4. Lee, Young June. (2022). A new genus and species of the subtribe Leptopsaltriina (Hemiptera: Cicadidae: Leptopsaltriini) from Sabah, Malaysia. Journal of Asia-Pacific Biodiversity. 15. 10.1016/j.japb.2022.05.006. sciencedirect.com.
  5. Popple, Lindsay & Emery, David. (2022). Five new species of Yoyetta Moulds (Hemiptera: Cicadidae: Cicadettinae) from south-eastern Australia. Zootaxa. 5141. 401-441. 10.11646/zootaxa.5141.5.1. mapress.com.
  6. Setälä, Heikki, Szlavecz, Katalin, Pullen, Jamie D., Parker, John D., Huang, Yumei, Chang, Chih-Han. 2022. Acute Resource Pulses from Periodical Cicadas Propagate to Belowground Food Webs but Do Not Affect Tree Performance. Ecology e3773. https://doi.org/10.1002/ecy.3773 esajournals.onlinelibrary.wiley.com

April 2022

  1. Marshall, David C. On the spelling of the name of Cassin’s 17-Year Cicada, Magicicada cassini (Fisher, 1852) (Hemiptera: Cicadidae). 2022. Zootaxa 5125 (2): 241–245. 10.11646/zootaxa.5125.2.8 mapress.com.
  2. Moulds, Max & Marshall, David & Hutchinson, Paul. (2022). Pericallea katherina, a new cicada genus and species from Western Australia (Hemiptera: Cicadidae: Cicadettini). Australian Entomologist. 49. 1-14. researchgate.net.
  3. Shi, Peijian & Jiao, Yabing & Niklas, Karl & Li, Yirong & Guo, Xuchen & Yu, Kexin & Chen, Long & Hurd, Lawrence. (2022). Sexual Dimorphism in Body Size and Wing Loading for Three Cicada Species. Annals of the Entomological Society of America. academic.oup.com/.

March 2022

  1. Belenguier, Luc. (2022). Tettigettalna argentata (Olivier 1790) (Hemiptera: Cicadidae), une nouvelle cigale pour le département de l’Allier. BIOM – Revue scientifique pour la biodiversité du Massif central. 3. revues.bu.uca.fr.
  2. Emery, David & Emery, Nathan & Hutchinson, Paul & Ong, Simon. (2022). Two new species of Tryella Moulds, 2003 (Hemiptera: Cicadidae) from Western Australia and Northern Territory. Australian Entomologist. 49. 23-42. researchgate.net.
  3. Liang, Shih-Hsiung & Lee, Lin-Lee & Shieh, Bao-Sen. (2022). Female preference for song frequency in the cicada Mogannia formosana Matsumura (Hemiptera: Cicadidae). Behavioural Processes. 197. 104626. sciencedirect.com.
  4. Maes, Jean. (2022). Zammara smaragdula (Homoptera: Cicadidae) reporte nuevo para la fauna de Nicaragua 1. REVISTA NICARAGUENSE DE ENTOMOLOGIA, 268.. 267. 1-22. 10.5281/zenodo.6554509. zenodo.org.
  5. Yen, Luu & Pham, Thai & Constant, Jérôme. (2022). A NEW SPECIES OF Platylomia Stål, 1870 (Hemiptera: Cicadidae) FROM VIETNAM, WITH A KEY TO SPECIES. ACADEMIA JOURNAL OF BIOLOGY. 44. 23-31. 10.15625/2615-9023/16757. vjs.ac.vn.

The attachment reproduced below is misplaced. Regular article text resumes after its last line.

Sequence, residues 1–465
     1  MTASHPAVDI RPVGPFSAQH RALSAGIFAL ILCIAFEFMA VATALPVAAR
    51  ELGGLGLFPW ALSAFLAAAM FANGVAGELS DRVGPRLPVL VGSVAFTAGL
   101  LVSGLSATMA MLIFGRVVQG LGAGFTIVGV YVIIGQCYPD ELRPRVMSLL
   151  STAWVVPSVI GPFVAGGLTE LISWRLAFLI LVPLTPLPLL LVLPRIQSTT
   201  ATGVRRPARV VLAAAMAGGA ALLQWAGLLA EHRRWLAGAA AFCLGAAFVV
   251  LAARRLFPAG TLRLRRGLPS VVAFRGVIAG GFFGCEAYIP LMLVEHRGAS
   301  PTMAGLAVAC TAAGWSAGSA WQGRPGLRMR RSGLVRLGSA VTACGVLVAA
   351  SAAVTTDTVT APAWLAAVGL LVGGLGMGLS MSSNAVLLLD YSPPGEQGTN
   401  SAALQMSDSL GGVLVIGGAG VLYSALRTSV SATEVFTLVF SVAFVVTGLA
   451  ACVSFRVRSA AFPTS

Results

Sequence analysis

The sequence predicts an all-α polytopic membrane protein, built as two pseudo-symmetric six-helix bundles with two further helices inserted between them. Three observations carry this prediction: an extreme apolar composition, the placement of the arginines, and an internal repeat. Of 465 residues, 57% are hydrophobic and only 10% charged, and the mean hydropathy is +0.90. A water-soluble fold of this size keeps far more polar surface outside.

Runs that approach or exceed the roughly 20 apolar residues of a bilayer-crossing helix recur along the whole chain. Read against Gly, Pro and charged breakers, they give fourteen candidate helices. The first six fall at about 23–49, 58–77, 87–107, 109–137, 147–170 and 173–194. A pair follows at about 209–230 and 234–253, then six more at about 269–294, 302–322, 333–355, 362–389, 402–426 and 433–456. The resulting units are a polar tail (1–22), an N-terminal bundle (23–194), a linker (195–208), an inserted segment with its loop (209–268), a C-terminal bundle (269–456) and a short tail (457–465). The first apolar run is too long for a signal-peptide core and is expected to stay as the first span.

February 2022

  1. ?, ??. (2022). Enrichment and Screening of Several Micronutrients in Cicada Flower Fruiting Body. Hans Journal of Food and Nutrition Science. 11. 21-26. hanspub.org.
  2. Perkovich, C., & Ward, D. (2022). Changes in white oak (Quercus alba) phytochemistry in response to periodical cicadas: Before, during, and after an emergence. Ecology and Evolution, 12, e8839. onlinelibrary.wiley.com
  3. Shi, Cuie & Song, Wenlong & Gao, Jian & Yan, Shoubao & Guo, Chen & Zhang, Tengfei. (2022). Enhanced production of cordycepic acid from Cordyceps cicadae isolated from a wild environment. Brazilian Journal of Microbiology. pubmed.ncbi.nlm.nih.gov.
  4. sciencedirect.com.

January 2022

  1. Hoang Yen Luu, Hong Thai Pham, Thu Quynh Bui. Research on assessment of the diversity and similarity of cicadas (Hemiptera: Cicadidae) in the Northwest region. Vietnam Forest Museum, Forestry Inventory and Planning Institute. Vietnam National Museum of Nature, VAST3. Graduate University of Science and Technology, VAST Received 8 November 2021; accepted 14 December 2021. vjst.vn.

Megatibicen auletes singing at dusk in Brendan T Byrne State Park in New Jersey on July 15th 2021

Filed under: Cryptotympanini | Megatibicen | Sounds | United States | Video — Tags: — Dan @ 6:46 am

Here’s a video of a Megatibicen auletes cicada singing at dusk in Brendan T Byrne State Park in New Jersey on July 15th, 2021.

Neotibicen lyricen molting in New Jersey July 2021

Filed under: Cryptotympanini | Molting | Neotibicen | Nymphs | Teneral | United States — Dan @ 5:39 am

Here are some Neotibicen lyricen molting in New Jersey July 2021.

Rich caramel eyes; blues & pinks in pronotal collar, legs, and mesonotum; green wings (that will stay green) and orange abdomen.

Neotibicen lyricen New Jersey July 2021

Neotibicen lyricen New Jersey July 2021

Neotibicen lyricen New Jersey July 2021 02

Molting Neotibicen tibicen cicadas

Filed under: Cryptotympanini | Molting | Neotibicen | Teneral | United States — Tags: — Dan @ 5:10 am

Here’s some photos of Molting Neotibicen tibicen tibicen cicadas taken in New Jersey in July of 2021.

Neotibicen tibicen tibicen July 2021

Neotibicen tibicen tibicen July 2021

Neotibicen tibicen tibicen July 2021

Neotibicen tibicen tibicen July 2021

Neotibicen tibicen tibicen July 2021

Neotibicen tibicen tibicen July 2021

February 26, 2022

Unique Cicada website from Japan

Filed under: Japan — Dan @ 9:18 am

Unique Cicada” (that is how Chrome translates it) is a large blog featuring many photos of cicadas from around the world. The site is owned by @musinomushi on Twitter. Instantly one of the premier cicada websites.